Crailsheim, Germany — Packaging machinery manufacturer Gerhard Schubert GmbH is addressing what it says is the packaging industry’s current challenge of launching new formats at ever shorter intervals with machines that use state-of-the-art technology to enable fast format changes and deliver error-free production results.
To meet the demand for higher performance in a small space or more mobility in product handling, the company says its new pick & place T4 and T5 robots, based on the Delta robot type, have a compact rectangular working area. Up to six of the new four-axis T4 robots can work simultaneously in a single TLM frame. The T5 variant offers a different option with a fifth axis with which products can be pivoted and tilted.
The company is also unveiling its program to offer a virtual parts warehouse with 3D printing on demand. Noting electronic design data can be retrieved “on demand” in seconds anywhere in the world, the Schubert is now making this access to tested and certified print data possible through a the new part streaming platform from its subsidiary Schubert Additive Solutions GmbH.
The company says the virtual warehouse is fast, reliable and economical, and represents a major step towards secure, flexible production, with parts available everywhere, eliminating long waiting and delivery times. In addition to simple spare and wear parts, a wide variety of 3D format parts for robot tools can be printed via the part streaming platform, according to Schubert.
One of the most secure data connections between the customer’s printer and the new platform is provided by the GS.Gate industrial gateway from Schubert. The digital gateway also opens up new options for even more fail-safe and economical production via specifically recorded machine data, the company notes. A GS.Gate is integrated as an industrial gateway in every new TLM system, according to Schubert, allowing for detailed evaluations of system productivity to be viewed either on the GRIPS.world customer platform or on the machine operating terminal. From this analysis, potentials and possibilities can then be derived as to how the OEE (Overall Equipment Effectiveness) ratio of the line and therefore the added value can be improved.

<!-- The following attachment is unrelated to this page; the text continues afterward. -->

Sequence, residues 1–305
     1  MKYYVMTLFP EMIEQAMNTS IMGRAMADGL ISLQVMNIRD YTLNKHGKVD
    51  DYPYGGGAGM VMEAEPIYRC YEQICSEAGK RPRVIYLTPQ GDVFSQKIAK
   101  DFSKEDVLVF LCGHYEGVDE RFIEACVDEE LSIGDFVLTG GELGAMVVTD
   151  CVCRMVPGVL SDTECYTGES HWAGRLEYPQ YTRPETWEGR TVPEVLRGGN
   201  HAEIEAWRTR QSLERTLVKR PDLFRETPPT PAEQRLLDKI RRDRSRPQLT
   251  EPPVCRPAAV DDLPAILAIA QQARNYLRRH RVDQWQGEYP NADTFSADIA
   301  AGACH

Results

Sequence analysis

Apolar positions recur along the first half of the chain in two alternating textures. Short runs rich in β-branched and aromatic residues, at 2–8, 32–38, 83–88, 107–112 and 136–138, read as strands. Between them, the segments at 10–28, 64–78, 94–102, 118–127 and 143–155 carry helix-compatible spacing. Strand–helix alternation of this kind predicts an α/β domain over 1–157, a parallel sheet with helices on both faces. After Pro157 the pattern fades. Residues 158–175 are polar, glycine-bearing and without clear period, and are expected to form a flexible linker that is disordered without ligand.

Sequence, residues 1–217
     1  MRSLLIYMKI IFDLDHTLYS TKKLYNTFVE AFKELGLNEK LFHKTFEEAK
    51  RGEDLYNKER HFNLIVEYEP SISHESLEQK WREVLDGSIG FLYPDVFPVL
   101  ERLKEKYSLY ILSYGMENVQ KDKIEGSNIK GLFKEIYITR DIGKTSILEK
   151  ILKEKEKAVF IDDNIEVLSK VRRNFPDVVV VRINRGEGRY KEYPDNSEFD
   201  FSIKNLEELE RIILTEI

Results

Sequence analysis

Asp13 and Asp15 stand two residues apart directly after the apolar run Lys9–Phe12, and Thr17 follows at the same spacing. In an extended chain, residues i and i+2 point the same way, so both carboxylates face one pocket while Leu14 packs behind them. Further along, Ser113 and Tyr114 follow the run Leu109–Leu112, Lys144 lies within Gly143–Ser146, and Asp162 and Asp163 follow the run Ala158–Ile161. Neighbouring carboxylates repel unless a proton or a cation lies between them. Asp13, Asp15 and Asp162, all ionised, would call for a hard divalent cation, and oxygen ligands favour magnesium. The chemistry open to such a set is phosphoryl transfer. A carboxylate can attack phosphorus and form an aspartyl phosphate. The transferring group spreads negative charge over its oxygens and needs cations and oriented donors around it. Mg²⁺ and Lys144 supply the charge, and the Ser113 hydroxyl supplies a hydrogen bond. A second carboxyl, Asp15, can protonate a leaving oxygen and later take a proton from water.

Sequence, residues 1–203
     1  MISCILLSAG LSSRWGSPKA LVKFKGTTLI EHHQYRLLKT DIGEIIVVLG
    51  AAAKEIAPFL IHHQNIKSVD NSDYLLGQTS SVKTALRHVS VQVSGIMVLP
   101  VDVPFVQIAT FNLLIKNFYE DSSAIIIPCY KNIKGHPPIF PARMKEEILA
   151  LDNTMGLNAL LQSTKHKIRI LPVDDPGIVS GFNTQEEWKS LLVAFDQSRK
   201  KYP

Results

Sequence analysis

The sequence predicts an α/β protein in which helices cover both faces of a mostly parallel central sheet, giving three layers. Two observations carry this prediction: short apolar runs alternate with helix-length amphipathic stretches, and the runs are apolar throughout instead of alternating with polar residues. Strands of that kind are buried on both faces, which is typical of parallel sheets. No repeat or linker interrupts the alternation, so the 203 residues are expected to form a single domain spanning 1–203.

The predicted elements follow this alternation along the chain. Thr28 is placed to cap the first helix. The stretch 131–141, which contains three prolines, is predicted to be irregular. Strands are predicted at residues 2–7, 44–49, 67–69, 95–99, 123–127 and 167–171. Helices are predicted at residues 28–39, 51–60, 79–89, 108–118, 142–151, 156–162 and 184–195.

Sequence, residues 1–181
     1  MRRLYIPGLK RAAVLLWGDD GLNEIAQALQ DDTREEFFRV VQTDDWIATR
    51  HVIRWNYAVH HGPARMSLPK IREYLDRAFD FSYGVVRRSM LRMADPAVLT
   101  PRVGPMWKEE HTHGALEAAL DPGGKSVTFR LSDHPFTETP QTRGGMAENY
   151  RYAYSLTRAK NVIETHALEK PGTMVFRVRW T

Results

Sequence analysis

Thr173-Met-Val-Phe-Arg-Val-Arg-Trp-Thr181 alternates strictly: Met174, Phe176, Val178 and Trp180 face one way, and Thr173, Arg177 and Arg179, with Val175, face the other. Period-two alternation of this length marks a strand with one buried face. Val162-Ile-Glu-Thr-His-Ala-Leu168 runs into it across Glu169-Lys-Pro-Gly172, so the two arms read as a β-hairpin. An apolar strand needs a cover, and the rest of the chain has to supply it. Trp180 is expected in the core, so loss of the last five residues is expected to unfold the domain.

Cooperative robots (cobots), the company says, represent the next level of automation as they operate without a safety cage, allowing packaging processes of small batch sizes to be automated and significantly optimized. The company notes it is currently is developing a comprehensive system for its new cobot modules.
In other news, the company has formed Schubert Business Development GmbH, an independent company headed by shareholding partners Ralf and Gerald Schubert along with Peter Gabriel, who will manage the company alongside Gerald Schubert. The new company aims to identify market trends and opportunities, and promote and develop innovation for various industries, as well as pursuing partnerships and equity investments with companies in the packaging sector.
“We will develop new business models with existing partners in the packaging industry and explore entirely new approaches to diversify our current business in the packaging industry,” explains Gerald Schubert. “Strategic collaborations with partners will be taken into consideration as well as investments in or acquisitions of start-up companies.”
According to Gabriel, the approach is clearly “more than a think tank for modern production-oriented companies.” Schubert Business Development will support and promote start-ups both with ideas and financial backing.
“Of course, we are also further expanding possibilities for diversification in the packaging field,” says Gerald Schubert.”There are still many opportunities here for investment in various segments of the packaging industry, in technology as well as in clever minds and engineering services.”